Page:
Biden White House in talks with airlines on vaccine passports; will issue guidance
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FILE PHOTO: White House press secretary Jen Psaki speaks during a briefing at the White House in Washington, U.S., April 6, 2021. REUTERS/Kevin Lamarque/File Photo
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By David Shepardson
WASHINGTON (Reuters) - The Biden administration is in extended discussions with U.S. airlines and other travel industry groups to provide technical guidance for vaccine passports that could be used to ramp up international air travel safely, industry officials said.
The administration has repeatedly made clear it will not require any businesses or Americans to use a digital COVID-19 health credential, however. It will also publish guidelines for the public.
The key question, airline and travel industry officials say, is whether the U.S. government will set standards or guidelines to assure foreign governments that data in U.S. traveler digital passports is accurate. There are thousands of different U.S. entities giving COVID-19 vaccines, including drugstores, hospitals and mass vaccination sites.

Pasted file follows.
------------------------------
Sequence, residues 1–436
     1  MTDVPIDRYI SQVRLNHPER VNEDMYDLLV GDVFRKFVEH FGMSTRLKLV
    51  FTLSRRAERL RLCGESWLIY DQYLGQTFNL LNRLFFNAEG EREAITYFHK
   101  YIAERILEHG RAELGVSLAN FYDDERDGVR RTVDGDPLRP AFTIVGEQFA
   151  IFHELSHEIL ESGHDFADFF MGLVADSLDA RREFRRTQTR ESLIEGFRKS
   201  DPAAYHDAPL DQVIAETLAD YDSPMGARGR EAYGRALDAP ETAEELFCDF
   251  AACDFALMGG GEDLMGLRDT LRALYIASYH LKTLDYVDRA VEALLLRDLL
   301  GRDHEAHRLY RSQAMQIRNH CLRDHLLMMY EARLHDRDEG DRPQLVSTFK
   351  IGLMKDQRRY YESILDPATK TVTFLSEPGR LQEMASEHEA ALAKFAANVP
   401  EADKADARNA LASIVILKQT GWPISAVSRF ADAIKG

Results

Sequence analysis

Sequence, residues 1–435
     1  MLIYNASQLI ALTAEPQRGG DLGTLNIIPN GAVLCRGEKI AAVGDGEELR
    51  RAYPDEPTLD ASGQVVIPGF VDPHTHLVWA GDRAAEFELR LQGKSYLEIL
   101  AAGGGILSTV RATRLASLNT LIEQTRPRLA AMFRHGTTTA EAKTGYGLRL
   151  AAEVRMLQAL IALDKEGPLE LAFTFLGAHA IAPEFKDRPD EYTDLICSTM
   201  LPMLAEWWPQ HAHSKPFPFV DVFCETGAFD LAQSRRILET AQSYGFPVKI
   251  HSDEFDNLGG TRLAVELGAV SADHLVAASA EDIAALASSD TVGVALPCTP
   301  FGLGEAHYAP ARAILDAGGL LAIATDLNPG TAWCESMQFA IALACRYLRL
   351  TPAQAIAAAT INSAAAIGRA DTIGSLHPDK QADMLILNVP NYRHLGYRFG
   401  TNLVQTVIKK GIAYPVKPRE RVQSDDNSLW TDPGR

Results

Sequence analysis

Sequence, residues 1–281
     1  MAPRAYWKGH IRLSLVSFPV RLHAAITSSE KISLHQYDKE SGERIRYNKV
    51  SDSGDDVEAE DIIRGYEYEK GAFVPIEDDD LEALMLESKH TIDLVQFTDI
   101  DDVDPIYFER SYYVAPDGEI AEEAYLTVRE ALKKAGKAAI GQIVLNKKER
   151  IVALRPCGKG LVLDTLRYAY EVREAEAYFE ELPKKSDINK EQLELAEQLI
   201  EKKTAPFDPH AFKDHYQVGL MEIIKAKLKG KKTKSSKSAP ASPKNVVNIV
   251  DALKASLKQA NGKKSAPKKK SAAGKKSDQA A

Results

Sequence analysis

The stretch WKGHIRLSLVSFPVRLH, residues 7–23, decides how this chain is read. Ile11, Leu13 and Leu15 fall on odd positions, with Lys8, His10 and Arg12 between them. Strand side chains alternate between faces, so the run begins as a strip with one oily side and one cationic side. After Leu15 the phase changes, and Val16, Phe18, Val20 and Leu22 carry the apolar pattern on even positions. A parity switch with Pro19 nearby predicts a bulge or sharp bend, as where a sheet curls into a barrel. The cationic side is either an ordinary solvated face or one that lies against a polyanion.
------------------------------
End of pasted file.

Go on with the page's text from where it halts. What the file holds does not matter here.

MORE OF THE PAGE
Airline officials say privately that even if the United States does not mandate a COVID-19 digital record, other countries may require it or require all air passengers to be vaccinated.
White House press secretary Jen Psaki told reporters on Tuesday that the administration would provide guidance "that provides important answers to questions that Americans have, in particular around concerns about privacy, security, or discrimination, soon."
On March 22, major U.S. airlines and other travel groups urged the White House to "develop uniform Federal principles for COVID-19 health credentials" that would ensure they can "securely validate both test results and vaccination history, protect personal data, comply with applicable privacy laws, and operate across local, state and international jurisdictions."
Singapore on Monday said it will start accepting visitors who use a mobile travel pass containing digital certificates for COVID-19 tests and vaccines, while Iceland said last month it is opening its borders to all visitors who have been vaccinated against COVID-19 without mandatory testing or quarantine.
Psaki said on Tuesday that the U.S government will not require Americans to carry a credential. "There will be no federal vaccinations database and no federal mandate requiring everyone to obtain a single vaccination credential," she said.
Psaki noted that there is a push "in the private sector to identify ways that they can return to events where there are large swaths of people safely in soccer stadiums or theaters."
She added "that’s where the idea originated, and we expect that’s where it will be concluded."
(Reporting by David Shephardson and Heather Timmons; editing by Jonathan Oatis)
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